Le Puy du Fou
luh pwee dew FOO. Click below to hear this.
Or something like that. Un puy is a mountain, or a hill, or a high place. It’s common in place names, which isn’t surprising since the terrain goes up and down, up and down.
One might have thought that le puy had something to do with holes in the ground, instead of high places. Un puits, after all, is a well, and is pronounced exactly the same way. They had me fooled, anyway. I figured it was another Old French word. Wrong.
You’ll never guess the real origin of le puy: it’s the Latin podium, which means a pedestal or a little hill (basically a pile of dirt).
And what about le fou? In modern French, that’s a crazy person or a fool (le fou du roi is the king’s jester).
But–another surprise!–this one has nothing to do with insanity, unless you think it’s a crazy project of riding bicycles up hill and down dale for twenty-odd days in order to win a T-shirt. Le fou is a very old word for a beech tree, from the Latin fagus. That word was replaced in the French language hundreds of years ago, by the modern word le hêtre (pronounced luh AY-truh).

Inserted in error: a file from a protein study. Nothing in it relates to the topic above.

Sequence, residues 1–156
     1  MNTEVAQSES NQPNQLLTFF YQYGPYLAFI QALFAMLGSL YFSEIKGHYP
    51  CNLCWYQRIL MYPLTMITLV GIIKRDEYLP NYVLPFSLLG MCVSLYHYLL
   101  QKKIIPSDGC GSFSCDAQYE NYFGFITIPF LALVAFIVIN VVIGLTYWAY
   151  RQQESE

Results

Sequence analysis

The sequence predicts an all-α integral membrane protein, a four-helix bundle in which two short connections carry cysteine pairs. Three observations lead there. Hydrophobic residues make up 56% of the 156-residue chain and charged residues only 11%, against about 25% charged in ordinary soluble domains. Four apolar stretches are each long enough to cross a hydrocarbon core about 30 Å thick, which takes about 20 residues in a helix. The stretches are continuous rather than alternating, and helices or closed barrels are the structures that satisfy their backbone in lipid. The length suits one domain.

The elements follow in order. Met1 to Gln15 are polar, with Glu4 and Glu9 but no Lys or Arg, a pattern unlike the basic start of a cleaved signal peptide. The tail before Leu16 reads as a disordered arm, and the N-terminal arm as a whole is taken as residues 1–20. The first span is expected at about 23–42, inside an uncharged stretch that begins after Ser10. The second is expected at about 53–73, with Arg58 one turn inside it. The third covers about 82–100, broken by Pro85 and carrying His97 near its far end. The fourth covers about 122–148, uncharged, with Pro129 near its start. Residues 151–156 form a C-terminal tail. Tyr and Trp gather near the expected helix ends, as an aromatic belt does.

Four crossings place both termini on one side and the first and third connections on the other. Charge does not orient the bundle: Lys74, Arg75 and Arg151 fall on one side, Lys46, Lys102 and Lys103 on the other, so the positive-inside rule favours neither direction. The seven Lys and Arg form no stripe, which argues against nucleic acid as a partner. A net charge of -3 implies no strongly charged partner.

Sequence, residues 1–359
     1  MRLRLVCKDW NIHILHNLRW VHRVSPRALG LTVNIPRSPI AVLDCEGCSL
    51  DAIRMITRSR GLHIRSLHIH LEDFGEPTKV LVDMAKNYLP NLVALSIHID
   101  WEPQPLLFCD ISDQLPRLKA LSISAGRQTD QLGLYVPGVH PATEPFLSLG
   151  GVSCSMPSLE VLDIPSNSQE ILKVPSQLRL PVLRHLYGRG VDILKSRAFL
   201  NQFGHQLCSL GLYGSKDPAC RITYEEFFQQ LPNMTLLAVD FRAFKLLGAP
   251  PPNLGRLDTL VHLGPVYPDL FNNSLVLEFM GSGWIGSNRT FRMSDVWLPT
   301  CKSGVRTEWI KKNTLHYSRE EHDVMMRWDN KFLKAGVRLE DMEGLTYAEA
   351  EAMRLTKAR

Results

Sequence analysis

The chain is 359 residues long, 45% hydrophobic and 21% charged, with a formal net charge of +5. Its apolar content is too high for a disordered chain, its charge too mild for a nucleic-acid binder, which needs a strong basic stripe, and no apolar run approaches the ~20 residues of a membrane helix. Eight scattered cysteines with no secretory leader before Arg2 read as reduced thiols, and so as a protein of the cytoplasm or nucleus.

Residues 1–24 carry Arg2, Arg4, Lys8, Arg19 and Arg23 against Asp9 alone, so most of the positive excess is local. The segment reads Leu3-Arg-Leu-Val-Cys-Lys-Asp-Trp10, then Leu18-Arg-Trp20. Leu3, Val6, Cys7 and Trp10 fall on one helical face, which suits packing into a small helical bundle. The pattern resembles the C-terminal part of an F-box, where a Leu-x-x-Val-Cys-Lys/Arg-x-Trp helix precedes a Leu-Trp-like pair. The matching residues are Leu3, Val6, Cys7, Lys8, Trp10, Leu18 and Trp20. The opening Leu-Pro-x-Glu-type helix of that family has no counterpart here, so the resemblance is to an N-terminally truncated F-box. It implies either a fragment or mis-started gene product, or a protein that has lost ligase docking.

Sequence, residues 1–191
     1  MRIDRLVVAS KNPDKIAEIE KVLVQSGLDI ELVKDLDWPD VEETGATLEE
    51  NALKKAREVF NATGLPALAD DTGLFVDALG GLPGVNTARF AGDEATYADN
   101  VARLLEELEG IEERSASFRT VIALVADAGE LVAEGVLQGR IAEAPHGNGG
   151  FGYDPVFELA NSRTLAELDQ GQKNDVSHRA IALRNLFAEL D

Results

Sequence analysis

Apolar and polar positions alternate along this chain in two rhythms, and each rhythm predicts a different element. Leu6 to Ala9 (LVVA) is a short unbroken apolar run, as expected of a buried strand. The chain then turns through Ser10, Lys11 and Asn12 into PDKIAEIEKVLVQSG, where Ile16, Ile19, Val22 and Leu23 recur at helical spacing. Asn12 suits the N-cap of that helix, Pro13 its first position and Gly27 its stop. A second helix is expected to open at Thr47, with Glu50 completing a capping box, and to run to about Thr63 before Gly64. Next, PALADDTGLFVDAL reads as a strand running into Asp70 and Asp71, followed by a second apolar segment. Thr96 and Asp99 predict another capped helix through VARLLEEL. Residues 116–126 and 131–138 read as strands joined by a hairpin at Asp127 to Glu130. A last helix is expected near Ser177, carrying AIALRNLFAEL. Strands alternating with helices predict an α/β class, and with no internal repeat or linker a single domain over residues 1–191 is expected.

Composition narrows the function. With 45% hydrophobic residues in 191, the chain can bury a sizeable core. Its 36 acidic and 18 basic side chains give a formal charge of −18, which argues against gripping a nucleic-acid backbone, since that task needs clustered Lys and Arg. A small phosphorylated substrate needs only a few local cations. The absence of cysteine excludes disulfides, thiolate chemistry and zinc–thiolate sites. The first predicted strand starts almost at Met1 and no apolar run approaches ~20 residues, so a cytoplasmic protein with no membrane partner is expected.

And why do we care about this place anyway? Because it’s where the 2011 Tour de France was kicked off. The teams were presented there. It’s an amusement park, of all the odd places, not a town. Does it have beech trees, or a hill? That I don’t know. But I can tell you that pronouncing it without stumbling is an uphill project all the way.
By the way, if you love Le Tour de France, become a fan of the Spk Frnch Facebook page and read the posts there by my cousin Brad Zuke. He’s sending a daily post about the route for the day’s étape stage, with photos. Enjoy!
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